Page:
December 21, 2018 at 6:17 am #6627WhirlibirdParticipant
Don’t worry about repacking rice or beans in the factory (grocery store) packaging, there are tiny holes in the bags themselves that will allow the O2 to escape.
January 8, 2019 at 10:32 pm #7774LittlesisterParticipant
I use the gamma lids because of my arthritic hands. But you are right they cost. But I get my food grade buckets for free from my husband’s cousin’s market. So I guess in one way it saves me for the extra it cost for the gamma lids. Yes I need knuckle replacement one day. So anything to make my life easier, I am on board. We have put up rice, sugar, flour, and some other things as well using the buckets and mylar with 02 absorbers. We have also oven canned a lot of things as well. What I would like to know is how many years some of it will last. I have heard anywhere from 10 to 30 years. But not sure on what is what on that. I am sure rice will keep that long but not sure of flour nor powdered milk.
January 9, 2019 at 1:54 am #7784OldMt WomanParticipant
Stored food…what lasts long/short:
Just searched for these links…..no guarantee for the accuracy but these look about right. The last one is LDS and they’ve been doing this for generations. But each one says there are variables. If you’re forced to store in an area that heats up every summer, that will drastically cut those years back. Dry/cool is, of course, best. NOT stored directly on cement floors or up against cement walls either, by the way. Will cause condensation…moisture…spoilage.
Stockpiling 101: Which Foods REALLY Have The Longest Shelf Life?
- This reply was modified 4 years, 2 months ago by OldMt Woman.
March 9, 2020 at 1:08 am #26622Russel FarmerParticipant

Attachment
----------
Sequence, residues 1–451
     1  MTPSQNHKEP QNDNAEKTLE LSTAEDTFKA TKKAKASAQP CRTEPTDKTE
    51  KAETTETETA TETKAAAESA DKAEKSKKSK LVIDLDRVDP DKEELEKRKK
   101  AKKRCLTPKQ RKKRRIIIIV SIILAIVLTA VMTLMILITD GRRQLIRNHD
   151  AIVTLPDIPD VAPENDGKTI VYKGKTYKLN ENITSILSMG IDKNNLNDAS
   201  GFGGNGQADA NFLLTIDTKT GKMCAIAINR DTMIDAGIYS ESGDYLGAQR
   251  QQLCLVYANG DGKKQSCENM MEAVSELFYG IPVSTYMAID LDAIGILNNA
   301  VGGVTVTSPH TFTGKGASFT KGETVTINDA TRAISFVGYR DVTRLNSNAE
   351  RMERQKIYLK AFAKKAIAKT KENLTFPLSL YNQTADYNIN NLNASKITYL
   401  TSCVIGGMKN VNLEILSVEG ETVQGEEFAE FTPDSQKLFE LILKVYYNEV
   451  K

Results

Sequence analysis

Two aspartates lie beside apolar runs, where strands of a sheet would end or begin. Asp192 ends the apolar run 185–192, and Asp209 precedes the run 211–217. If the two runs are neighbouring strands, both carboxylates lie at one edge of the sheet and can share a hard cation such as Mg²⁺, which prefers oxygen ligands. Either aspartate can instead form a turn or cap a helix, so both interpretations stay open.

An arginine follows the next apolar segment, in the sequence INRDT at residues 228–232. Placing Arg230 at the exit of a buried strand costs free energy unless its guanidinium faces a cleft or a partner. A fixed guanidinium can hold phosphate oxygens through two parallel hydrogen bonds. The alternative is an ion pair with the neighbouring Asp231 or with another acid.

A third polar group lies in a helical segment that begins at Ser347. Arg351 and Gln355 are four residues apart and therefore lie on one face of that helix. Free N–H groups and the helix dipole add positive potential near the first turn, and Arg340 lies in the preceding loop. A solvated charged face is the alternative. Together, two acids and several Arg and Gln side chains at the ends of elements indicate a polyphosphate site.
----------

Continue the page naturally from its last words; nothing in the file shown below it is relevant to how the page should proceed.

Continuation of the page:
I also used a gamma lid and quite satisfied with the lid. It creates a leak-proof and air-tight seal inside the bucket where I can store my food items securely. Yes, the price of the lid is expensive. But the quality of the lid rightly justifies the price.
- This reply was modified 3 years ago by Russel Farmer.
September 15, 2020 at 11:15 am #29900Marti BakerParticipant
I have a questions about non food grade storage containers. I have several bags of a variety of commercially dried fruit in their original sealed, heavy duty plastic bags. Based on what I have read about such products it might not be a good idea to repackage them. To put the original bags into 5 gallon buckets would take up a lot of space. Does anyone know if I use a heavy duty plastic garbage container to store them in can leaching occur from the container into the sealed packages and contaminate the fruit? Thanks.
September 16, 2020 at 12:14 pm #29906namelusParticipant
If you want to use non food grade the chemical releasants for the plastic are heavy in bpa and other nasties. To use non food grade as food storage and not keep packaging. Wipe out bucket. Use mylar liner. Put items into mylar and seal. Don’t buy the cheap super thin mylar as using dried fruit and veggies are sharp and hard and can rip the mylar if it is too thin.
June 21, 2022 at 8:39 am #52694mike broadParticipant
A food best budget food processor here grade container is <b>one that will not transfer non-food chemicals into the food, and contains no chemicals which would be hazardous to human health</b>. Plastics designed for single use should be used only once..The easiest way to check is to <b>look for the Resin Identification Code—i.e., recycling number</b>—which identifies the type of plastic material. The code consists of a triangle of arrows surrounding a number between 1 and 7. Generally, numbers 1 through 7 indicate food grade plastic